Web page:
|Commercial||1.02t in CIF, 4.83t in OF, 42.30t in PPBWPF, 4.93t in VRLF|
|Indigenous||Unknown (No catch under permit)|
|Recreational||~600 t (2006–07)|
- Corner Inlet Fishery (VIC)
- Ocean Fishery (VIC)
- Port Phillip Bay and Western Port Bay Fishery (VIC)
- Victorian Rock Lobster Fishery (VIC)
Western Australia - Recreational (Catch) Ryan et al. 2017.
Western Australia – Recreational (Management Methods) In Western Australia, total recreational catch limits (that is, maximum catch limits) have been applied to stocks of Snapper in inner Shark Bay and the west coast, to aid recovery of stocks.
Queensland – Indigenous (Management Methods) Under the Fisheries Act 1994 (Qld), Indigenous fishers in Queensland are entitled to use prescribed traditional and non-commercial fishing apparatus in waters open to fishing. Size and possession limits, and seasonal closures do not apply to Indigenous fishers. Further exemptions to fishery regulations may be applied for through permits.
New South Wales – Indigenous (Management Methods) (a) Aboriginal Cultural Fishing Interim Access Arrangement—allows an Indigenous fisher in New South Wales to take in excess of a recreational bag limit in certain circumstances; for example, if they are doing so to provide fish to other community members who cannot harvest for themselves; (b) The Aboriginal cultural fishing authority is the authority that Indigenous persons can apply to take catches outside the recreational limits under the Fisheries Management Act 1994 (NSW), Section 37 (1d)(3)(9), Aboriginal cultural fishing authority; and (c) In cases where the Native Title Act 1993 (Cth) applies fishing activity can be undertaken by the person holding native title in line with S.211 of that Act, which provides for fishing activities for the purpose of satisfying their personal, domestic or non-commercial communal needs. In managing the resource where native title has been formally recognised, the native title holders are engaged with to ensure their native title rights are respected and inform management of the State's fisheries resources.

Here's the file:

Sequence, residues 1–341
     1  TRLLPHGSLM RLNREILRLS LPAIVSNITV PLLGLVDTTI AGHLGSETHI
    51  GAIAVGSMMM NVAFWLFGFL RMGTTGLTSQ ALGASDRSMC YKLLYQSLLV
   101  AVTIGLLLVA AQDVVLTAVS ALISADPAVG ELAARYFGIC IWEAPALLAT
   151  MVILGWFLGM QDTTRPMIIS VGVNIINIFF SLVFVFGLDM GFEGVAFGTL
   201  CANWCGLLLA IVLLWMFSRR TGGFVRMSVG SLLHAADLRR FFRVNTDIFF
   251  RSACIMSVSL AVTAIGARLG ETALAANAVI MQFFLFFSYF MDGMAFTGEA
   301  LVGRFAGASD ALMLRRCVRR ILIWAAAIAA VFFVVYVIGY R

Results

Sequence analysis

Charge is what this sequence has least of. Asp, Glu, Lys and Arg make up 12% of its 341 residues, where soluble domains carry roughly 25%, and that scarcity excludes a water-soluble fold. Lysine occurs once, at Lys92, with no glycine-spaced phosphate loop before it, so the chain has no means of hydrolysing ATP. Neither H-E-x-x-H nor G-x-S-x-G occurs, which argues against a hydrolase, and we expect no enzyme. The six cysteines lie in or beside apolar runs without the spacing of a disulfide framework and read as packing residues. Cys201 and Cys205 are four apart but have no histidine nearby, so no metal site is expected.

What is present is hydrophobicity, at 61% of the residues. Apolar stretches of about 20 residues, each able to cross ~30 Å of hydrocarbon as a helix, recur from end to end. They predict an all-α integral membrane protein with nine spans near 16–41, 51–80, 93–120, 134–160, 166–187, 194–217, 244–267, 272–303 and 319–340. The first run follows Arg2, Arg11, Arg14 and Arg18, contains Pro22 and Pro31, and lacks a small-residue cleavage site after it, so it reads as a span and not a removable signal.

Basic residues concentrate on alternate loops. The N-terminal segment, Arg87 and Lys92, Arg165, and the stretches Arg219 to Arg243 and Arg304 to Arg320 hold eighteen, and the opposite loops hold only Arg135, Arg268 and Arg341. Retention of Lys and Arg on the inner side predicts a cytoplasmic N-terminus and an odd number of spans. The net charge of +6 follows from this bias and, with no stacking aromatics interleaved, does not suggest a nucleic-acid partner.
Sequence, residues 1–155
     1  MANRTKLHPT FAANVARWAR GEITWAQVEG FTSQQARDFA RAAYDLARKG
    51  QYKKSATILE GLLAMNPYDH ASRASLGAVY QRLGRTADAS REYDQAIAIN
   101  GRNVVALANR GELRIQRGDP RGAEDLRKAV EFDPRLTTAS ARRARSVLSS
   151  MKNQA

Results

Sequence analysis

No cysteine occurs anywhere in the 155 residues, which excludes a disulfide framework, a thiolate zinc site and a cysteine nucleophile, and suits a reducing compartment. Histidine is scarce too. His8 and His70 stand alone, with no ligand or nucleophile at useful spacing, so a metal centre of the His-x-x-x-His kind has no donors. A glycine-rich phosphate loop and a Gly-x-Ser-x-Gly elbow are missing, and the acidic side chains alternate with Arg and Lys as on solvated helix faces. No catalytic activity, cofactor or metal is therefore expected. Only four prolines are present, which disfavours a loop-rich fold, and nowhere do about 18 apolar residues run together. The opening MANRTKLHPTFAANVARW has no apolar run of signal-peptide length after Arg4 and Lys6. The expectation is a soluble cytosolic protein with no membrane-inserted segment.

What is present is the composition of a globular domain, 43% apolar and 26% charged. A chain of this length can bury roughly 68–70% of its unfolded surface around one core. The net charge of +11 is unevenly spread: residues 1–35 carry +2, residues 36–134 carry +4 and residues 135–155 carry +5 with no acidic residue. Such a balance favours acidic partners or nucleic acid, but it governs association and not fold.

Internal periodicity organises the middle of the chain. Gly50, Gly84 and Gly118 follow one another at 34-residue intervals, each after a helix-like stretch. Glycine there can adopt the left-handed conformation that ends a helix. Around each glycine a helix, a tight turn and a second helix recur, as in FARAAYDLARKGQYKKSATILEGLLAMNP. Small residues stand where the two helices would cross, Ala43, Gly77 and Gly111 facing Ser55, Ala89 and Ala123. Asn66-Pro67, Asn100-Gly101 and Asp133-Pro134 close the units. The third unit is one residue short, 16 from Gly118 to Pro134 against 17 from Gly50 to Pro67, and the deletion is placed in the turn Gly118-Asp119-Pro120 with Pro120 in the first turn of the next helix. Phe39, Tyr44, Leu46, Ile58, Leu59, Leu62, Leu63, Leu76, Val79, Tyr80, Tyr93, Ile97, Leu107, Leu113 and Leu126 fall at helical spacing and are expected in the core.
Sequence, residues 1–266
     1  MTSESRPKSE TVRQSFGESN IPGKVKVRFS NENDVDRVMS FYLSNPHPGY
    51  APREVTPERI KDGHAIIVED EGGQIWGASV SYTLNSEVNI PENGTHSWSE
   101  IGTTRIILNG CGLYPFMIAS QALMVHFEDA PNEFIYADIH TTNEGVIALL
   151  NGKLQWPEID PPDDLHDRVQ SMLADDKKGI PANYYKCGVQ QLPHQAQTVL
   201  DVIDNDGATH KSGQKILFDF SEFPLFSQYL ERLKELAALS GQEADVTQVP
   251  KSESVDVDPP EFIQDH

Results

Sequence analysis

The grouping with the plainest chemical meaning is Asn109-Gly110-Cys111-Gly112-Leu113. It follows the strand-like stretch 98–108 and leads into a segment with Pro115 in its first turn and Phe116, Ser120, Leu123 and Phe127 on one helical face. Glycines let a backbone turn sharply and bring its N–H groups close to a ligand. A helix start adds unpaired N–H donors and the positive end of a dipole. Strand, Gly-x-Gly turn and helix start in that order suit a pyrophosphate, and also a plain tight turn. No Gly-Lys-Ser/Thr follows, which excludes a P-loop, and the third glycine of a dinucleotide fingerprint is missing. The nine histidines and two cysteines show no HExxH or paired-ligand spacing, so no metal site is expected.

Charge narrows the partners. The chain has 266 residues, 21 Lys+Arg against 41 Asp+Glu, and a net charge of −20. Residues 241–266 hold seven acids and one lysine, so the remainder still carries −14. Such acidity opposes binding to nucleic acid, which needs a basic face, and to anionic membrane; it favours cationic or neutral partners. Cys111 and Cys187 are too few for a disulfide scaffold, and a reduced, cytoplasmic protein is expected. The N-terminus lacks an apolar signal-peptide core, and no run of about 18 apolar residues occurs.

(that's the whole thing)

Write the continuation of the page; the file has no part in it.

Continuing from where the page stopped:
New South Wales – Recreational (Catch) West et al. 2015.
Victoria – Indigenous (Management Methods) In Victoria, regulations for managing recreational fishing may not apply to fishing activities by Indigenous people. Victorian traditional owners may have rights under the Commonwealth's Native Title Act 1993 to hunt, fish, gather and conduct other cultural activities for their personal, domestic or non-commercial communal needs without the need to obtain a licence. Traditional Owners that have agreements under the Traditional Owner Settlement Act 2010 (Vic) may also be authorised to fish without the requirement to hold a recreational fishing licence. Outside of these arrangements, Indigenous Victorians can apply for permits under the Fisheries Act 1995 (Vic) that authorise fishing for specific Indigenous cultural ceremonies or events (for example, different catch and size limits or equipment). There were no Indigenous permits granted in 2017 and hence no Indigenous catch recorded.
South Australia – Recreational (Catch) Giri and Hall 2015.